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The Peterkins’ Summer Journey
by [?]

In fact, it was their last summer’s journey,–for it had been planned then; but there had been so many difficulties it had been delayed.

The first trouble had been about trunks. The family did not own a trunk suitable for travelling.

Agamemnon had his valise, that he had used when he stayed a week at a time at the academy; and a trunk had been bought for Elizabeth Eliza when she went to the seminary. Solomon John and Mr. Peterkin, each had his patent-leather hand-bag. But all these were too small for the family. And the little boys wanted to carry their kite.

Mrs. Peterkin suggested her grandmother’s trunk. This was a hair-trunk, very large and capacious. It would hold everything they would want to carry except what would go in Elizabeth Eliza’s trunk, or the valise and bags.

Everybody was delighted at this idea. It was agreed that the next day the things should be brought into Mrs. Peterkin’s room for her to see if they could all be packed.

“If we can get along,” said Elizabeth Eliza, “without having to ask advice I shall be glad!”

“Yes,” said Mr. Peterkin, “it is time now for people to be coming to ask advice of us.”

The next morning Mrs. Peterkin began by taking out the things that were already in the trunk. Here were last year’s winter things, and not only these, but old clothes that had been put away,–Mrs. Peterkin’s wedding-dress; the skirts the little boys used to wear before they put on jackets and trousers.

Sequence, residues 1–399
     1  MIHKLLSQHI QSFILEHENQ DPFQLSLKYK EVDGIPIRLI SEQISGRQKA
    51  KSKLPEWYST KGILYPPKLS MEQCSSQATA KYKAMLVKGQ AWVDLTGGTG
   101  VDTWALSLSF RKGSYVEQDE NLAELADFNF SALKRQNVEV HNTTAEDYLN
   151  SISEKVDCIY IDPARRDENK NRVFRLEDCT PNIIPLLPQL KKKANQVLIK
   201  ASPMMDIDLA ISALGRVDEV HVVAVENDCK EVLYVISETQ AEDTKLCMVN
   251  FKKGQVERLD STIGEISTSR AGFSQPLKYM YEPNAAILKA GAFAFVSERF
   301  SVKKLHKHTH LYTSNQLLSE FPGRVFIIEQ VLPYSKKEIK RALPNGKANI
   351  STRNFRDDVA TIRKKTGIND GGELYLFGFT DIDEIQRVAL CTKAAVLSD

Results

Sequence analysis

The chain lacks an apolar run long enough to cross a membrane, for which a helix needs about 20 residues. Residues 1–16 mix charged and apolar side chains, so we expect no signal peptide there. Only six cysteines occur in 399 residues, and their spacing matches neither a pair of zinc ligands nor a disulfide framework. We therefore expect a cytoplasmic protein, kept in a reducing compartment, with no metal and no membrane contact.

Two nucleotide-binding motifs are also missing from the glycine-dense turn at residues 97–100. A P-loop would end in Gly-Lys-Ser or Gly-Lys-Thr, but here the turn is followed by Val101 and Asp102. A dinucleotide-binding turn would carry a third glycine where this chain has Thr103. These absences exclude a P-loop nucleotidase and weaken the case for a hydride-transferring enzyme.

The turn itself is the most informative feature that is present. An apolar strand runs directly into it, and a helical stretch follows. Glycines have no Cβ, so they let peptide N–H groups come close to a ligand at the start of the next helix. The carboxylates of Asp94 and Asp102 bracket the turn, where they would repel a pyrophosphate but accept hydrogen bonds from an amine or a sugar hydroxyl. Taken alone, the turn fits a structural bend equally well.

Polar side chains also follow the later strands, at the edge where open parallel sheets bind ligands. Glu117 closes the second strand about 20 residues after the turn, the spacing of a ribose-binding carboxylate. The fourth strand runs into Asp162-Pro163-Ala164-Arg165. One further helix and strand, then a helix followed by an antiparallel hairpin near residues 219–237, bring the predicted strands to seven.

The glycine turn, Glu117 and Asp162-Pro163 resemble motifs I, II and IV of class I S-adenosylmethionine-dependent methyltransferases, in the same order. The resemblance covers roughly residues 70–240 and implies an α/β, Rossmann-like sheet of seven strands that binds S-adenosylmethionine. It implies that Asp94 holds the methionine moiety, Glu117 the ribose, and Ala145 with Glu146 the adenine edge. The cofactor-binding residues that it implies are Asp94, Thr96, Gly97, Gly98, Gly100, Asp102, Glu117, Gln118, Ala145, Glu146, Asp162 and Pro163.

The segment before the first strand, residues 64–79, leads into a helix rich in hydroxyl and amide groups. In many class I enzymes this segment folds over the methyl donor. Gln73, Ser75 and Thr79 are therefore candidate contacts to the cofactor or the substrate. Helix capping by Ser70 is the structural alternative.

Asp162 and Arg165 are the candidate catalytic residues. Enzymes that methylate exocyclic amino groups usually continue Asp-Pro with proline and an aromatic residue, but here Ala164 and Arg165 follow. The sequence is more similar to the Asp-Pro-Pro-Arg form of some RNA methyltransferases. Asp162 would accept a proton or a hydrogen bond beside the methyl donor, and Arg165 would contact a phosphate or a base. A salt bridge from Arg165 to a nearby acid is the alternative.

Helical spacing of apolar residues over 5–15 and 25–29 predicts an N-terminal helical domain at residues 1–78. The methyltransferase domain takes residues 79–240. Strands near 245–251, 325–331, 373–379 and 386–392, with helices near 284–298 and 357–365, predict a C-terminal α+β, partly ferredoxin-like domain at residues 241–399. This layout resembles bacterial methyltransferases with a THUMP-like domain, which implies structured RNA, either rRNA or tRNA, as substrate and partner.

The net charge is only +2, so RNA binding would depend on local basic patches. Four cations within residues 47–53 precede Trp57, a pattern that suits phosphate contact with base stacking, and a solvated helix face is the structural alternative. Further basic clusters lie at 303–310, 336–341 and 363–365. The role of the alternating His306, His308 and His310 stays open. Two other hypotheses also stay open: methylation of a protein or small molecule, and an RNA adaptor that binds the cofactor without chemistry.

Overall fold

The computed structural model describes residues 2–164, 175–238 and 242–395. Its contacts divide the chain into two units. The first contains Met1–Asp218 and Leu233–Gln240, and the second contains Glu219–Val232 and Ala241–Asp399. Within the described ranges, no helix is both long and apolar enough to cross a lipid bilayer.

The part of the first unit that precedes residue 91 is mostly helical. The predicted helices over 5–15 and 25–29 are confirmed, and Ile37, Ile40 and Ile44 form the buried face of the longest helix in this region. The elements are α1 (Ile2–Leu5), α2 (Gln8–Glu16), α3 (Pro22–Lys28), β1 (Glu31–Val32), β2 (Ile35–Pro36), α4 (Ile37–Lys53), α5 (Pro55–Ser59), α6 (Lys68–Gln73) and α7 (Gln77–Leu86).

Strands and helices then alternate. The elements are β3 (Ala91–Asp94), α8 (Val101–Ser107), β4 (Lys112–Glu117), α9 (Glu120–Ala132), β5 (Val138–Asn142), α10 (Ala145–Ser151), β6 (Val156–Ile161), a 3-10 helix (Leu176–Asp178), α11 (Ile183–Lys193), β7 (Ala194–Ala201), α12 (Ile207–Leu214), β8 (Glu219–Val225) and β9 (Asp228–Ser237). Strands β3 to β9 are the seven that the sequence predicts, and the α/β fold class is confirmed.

All day Mrs. Peterkin worked over the trunk, putting away the old things, putting in the new. She packed up all the clothes she could think of, both summer and winter ones, because you never can tell what sort of weather you will have.

Agamemnon fetched his books, and Solomon John his spy-glass. There were her own and Elizabeth Eliza’s best bonnets in a bandbox; also Solomon John’s hats, for he had an old one and a new one. He bought a new hat for fishing, with a very wide brim and deep crown; all of heavy straw.

Agamemnon brought down a large heavy dictionary, and an atlas still larger. This contained maps of all the countries in the world.

“I have never had a chance to look at them,” he said; “but when one travels, then is the time to study geography.”

Mr. Peterkin wanted to take his turning-lathe. So Mrs. Peterkin packed his tool-chest. It gave her some trouble, for it came to her just as she had packed her summer dresses. At first she thought it would help to smooth the dresses, and placed it on top; but she was forced to take all out, and set it at the bottom. This was not so much matter, as she had not yet the right dresses to put in. Both Mrs. Peterkin and Elizabeth Eliza would need new dresses for this occasion. The little boys’ hoops went in; so did their india-rubber boots, in case it should not rain when they started. They each had a hoe and shovel, and some baskets, that were packed.

Mrs. Peterkin called in all the family on the evening of the second day to see how she had succeeded. Everything was packed, even the little boys’ kite lay smoothly on the top.

“I like to see a thing so nicely done,” said Mr. Peterkin.

The next thing was to cord up the trunk, and Mr. Peterkin tried to move it. But neither he, nor Agamemnon, nor Solomon John could lift it alone, or all together.

Here was a serious difficulty. Solomon John tried to make light of it.

“Expressmen could lift it. Expressmen were used to such things.”

“But we did not plan expressing it,” said Mrs. Peterkin, in a discouraged tone.

“We can take a carriage,” said Solomon John.

“I am afraid the trunk would not go on the back of a carriage,” said Mrs. Peterkin.